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Thread: Can't deside, WHAT BREED FOR US?

  1. #21

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    Quote Originally Posted by Hyacinth View Post

    GSP - being hunting dog as in find game - not retrieve stuff shot by someone else - might not be so good with rabbits. But you'd never lose the rabbits.
    GSPs are classified as 'Gun Dogs' - as seen here on this site: Australian National Kennel Council

    They are found in Group 3 at Dog Shows and that is why GSPs have soft mouths and webbed feet ! They definitely do retrieve ! That is why they are classed as the great all- rounder breed of dog !

  2. #22

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    Medium size breeds I would suggest any of the bigger spaniels. Welsh Springers are lovely (they can have a degenerative eye thing so stock needs to be tested clear). Fields are drop dead gorgeous. Clumbers and Sussex are my favourites but harder to come by. And English Springers are more available.

    A Brittany might suit as well, but they are higher drive and may chase little animals. I don't know them personally though, so it may be more used to their raising.

    Otherwise - Collies. Rough, or Bearded (gotta love a beardie!!) if you can keep up with the coat. Or Smooth if you don't like brushing. Collies can be a bit barky though. But great with kids - especially the beardies, and great with other little critters.

    And I would never have bull breeds or mastiffs either. Just not at all my cup of tea. I can appreciate their qualities, but... nope. Not ever. Sorry to hear about your Tibetans though.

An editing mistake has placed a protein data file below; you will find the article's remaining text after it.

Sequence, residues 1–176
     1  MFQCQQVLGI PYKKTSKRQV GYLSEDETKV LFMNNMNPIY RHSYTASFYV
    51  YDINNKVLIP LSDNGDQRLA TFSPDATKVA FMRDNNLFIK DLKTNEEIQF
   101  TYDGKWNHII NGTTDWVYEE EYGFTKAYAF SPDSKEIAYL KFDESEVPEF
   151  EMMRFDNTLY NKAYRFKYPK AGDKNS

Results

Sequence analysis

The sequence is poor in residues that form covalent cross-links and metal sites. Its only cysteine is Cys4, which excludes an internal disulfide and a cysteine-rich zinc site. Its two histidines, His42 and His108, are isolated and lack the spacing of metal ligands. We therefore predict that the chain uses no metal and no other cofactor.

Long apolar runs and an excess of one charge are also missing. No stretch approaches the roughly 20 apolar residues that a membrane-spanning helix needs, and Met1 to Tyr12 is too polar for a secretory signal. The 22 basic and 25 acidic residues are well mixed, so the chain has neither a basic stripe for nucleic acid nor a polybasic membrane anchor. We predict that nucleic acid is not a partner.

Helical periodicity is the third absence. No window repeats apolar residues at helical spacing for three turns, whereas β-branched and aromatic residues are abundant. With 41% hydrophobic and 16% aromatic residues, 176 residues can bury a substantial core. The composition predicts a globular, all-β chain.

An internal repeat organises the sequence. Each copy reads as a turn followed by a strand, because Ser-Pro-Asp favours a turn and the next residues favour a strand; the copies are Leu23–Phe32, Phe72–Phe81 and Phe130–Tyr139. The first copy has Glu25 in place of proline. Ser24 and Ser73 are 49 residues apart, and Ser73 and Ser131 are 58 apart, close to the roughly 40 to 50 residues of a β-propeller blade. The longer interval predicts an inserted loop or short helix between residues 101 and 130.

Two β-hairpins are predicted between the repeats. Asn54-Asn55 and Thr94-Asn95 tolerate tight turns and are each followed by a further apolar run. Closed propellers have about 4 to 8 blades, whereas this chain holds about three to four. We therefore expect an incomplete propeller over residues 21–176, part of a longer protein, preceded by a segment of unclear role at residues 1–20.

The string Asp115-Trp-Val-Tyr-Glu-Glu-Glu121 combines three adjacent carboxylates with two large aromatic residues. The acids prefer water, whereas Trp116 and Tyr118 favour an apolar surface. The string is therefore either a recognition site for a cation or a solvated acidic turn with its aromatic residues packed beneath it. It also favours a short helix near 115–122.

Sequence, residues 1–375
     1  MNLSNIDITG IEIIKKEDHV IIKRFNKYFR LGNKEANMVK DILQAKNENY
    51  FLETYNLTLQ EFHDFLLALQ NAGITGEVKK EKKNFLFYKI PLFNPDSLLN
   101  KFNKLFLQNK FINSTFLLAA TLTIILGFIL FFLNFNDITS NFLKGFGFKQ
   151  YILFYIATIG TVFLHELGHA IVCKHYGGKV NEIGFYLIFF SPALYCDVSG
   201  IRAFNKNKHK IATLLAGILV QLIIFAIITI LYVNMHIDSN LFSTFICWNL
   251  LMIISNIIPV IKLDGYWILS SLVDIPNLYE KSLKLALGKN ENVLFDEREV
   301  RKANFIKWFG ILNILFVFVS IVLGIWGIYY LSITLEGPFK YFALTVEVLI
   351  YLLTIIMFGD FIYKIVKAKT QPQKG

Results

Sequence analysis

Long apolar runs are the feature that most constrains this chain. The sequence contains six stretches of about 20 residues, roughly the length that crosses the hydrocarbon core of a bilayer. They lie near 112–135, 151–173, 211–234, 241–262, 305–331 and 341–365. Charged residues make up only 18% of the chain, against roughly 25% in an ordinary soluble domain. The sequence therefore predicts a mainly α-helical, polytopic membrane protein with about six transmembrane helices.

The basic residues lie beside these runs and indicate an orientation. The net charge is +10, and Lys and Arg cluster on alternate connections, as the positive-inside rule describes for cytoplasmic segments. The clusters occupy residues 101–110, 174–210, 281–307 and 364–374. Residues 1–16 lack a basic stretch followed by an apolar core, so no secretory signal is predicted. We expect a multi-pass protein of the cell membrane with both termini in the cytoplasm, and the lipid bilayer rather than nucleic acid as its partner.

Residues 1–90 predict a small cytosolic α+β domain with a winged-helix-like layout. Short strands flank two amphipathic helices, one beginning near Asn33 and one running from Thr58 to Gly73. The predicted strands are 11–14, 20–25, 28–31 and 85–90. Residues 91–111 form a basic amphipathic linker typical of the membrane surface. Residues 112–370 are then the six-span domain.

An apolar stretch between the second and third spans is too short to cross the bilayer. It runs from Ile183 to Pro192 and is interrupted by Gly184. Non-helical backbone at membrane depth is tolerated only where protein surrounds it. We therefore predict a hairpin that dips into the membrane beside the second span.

Sorry - didn't read whole thread. I have had greyhounds around pet bunnies but you have to be prepared for them to get excited around the cages. Although I've never had one work hard to get to caged small fluffies like a terrier will. Whippets and Italians would be much the same - sighthounds are sighthounds. And not around chooks unless the chooks are very secure. Any stray chooks can get grabbed quickly - and even if it is a playful grab it is usually fatal, even from an Iggie.
    Last edited by Nattylou; 12-16-2012 at 08:46 PM.

  3. #23
    Join Date
    Aug 2009
    Location
    Adelaide
    Posts
    12,599

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    Riley

    I know GSP are gun dogs and do retreive - there's one at the park that gets exercised using a tennis ball... but wouldn't they also chase rabbits - the whole pointing thing? A pointer dog is about pointing out game and flushing it, as well as getting it once shot.

  4. #24

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    I am a tad confused !

    Firstly:


    Originally Posted by Hyacinth

    GSP - being hunting dog as in find game - not retrieve stuff shot by someone else - might not be so good with rabbits. But you'd never lose the rabbits."



    Then:
    Quote Originally Posted by Hyacinth View Post
    Riley

    I know GSP are gun dogs and do retreive - there's one at the park that gets exercised using a tennis ball... but wouldn't they also chase rabbits - the whole pointing thing? A pointer dog is about pointing out game and flushing it, as well as getting it once shot.
    Split the difference and just put it down to 'crossed - wires' ?

    Pointing is in the breed - can't be trained - it is just something that they naturally do from a very, very young age. Sometimes can be seen as early as 3 or 4 weeks - but usually definitely by 6 weeks.

    Chasing rabbits, for example will depend on the breeding of the pup and more importantly the training of the pup - and then where that particular rabbit/hare is !

    GSPs can be trained to accept other animals in their home life - it is more successful if they are started young - not much different to other breeds of dogs - really ! It can be done when they are older - just takes more time and patience !